The Third Line is pleased to announce its participation in the 13th edition of Art Dubai with a group presentation that illustrates the visual power of language in its varied manipulations through works by Fouad Elkoury, Farah Al Qasimi, Farhad Moshiri & Shirin Aliabadi, Huda Lutfi, Hayv Kahraman, Slavs and Tatars, Youssef Nabil and Zineb Sedira.
The selection of artists used the written word, some literally, others less so, some with irony, others with bluntness, to address the social, political and/or cultural matters that guide their practices.
The work of Fouad Elkoury references the social theories of author and filmmaker Paul Virilio, who explores the relationship between image and war technology. Fouad layers text on photographic montages mounted on aluminum, in a poetic and personal exploration of national aspirations and the dream of the individual.
Farah Al Qasimi’s art practice is based around photographing the unusual, and the often overlooked, places where she finds herself positioned. In her series The World is Sinking, Farah takes an introspective look at the Emirates, where she grew up. Evidencing the rapid change of local landscape in the name of growth and development, Farah’s photographs demonstrate how rushed attempts often end up in near comical results.
Operation Supermarket is one of Farhad Moshiri and Shirin Aliabadi’s collaborative series, in which labels of known supermarket commodities have been replaced with ironic phrases. In the words of the artists, the works mix "poetry with detergent.”
Huda Lutfi uses her signature paper cut out technique to create minimalist and calligraphic abstractions which she calls ‘paper sculptures’. Reminiscent of muted script, where only the outline remains, the mere idea of words seems louder than the written one.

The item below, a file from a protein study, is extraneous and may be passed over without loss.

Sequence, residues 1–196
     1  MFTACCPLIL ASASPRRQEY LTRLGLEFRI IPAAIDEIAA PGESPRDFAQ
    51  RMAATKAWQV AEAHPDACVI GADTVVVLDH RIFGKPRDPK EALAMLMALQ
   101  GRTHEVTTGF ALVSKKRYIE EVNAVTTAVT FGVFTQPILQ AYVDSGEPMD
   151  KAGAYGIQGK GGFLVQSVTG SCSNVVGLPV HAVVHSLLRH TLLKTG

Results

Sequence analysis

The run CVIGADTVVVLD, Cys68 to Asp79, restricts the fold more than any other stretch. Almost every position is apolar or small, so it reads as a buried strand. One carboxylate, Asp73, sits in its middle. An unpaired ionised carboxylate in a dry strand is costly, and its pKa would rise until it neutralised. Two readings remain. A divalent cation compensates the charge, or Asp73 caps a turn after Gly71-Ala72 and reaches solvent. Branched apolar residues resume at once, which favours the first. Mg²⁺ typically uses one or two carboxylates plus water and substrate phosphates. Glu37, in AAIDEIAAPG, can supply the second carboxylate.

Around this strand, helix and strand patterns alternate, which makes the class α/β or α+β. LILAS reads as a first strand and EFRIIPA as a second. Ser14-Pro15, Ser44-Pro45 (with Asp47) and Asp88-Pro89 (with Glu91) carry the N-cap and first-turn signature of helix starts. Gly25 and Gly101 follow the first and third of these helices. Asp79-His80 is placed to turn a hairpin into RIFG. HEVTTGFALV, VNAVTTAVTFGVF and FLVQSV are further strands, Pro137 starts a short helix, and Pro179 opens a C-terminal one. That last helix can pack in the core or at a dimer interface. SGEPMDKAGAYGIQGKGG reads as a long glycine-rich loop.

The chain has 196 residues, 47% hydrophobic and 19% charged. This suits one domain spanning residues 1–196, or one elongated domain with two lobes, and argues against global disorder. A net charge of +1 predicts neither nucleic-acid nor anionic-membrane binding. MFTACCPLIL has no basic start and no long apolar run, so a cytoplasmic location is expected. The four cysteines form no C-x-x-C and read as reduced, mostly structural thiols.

Hayv Kahraman’s Smart Card belongs to a body of work that narrates the violence of sound and the sonic trauma connected to her past—and that of many others—as an Iraqi immigrant. Originally used during the Iraq war, the cheat-sheet provided visually aided tools to military personnel for dealing quickly with situations most commonly expected to arise, as well as a communication tool between them and non-English speaking Iraqis.
Slavs and Tatars ground themselves in a particular dialectical and geographic terrain, specifically the vast swathe east of the former Berlin Wall and west of the Great Wall of China. Their series Love Me, Love Me Not considers these waves of power as they play out in the constantly changing names of 150 cities within their Eurasian remit. Like the eponymous game of unrequited love, each work plucks off the former names imposed on a city by its former colonisers to create a thorny record of an often brutal history.
Youssef Nabil’s work was first shown in an exhibition entitled I Will Go to Paradise, which encapsulated loose references to selected moments from the artist’s life. Cinematic in its compositions and allusions to narrative, the work displays Youssef’s signature re-appropriation of the hand colouring technique of black and white photographs.
Iterations of works presented in her 2018 solo exhibition at the Sharjah Art Foundation, Zineb Sedira’s copper plate sheets are engraved with jokes gathered from the artist’s personal archives of publications illustrating the tumultuous period of 1990s Algeria. Part of her Laughter in Hell series, they present dark humor as a form of resistance to tragic times.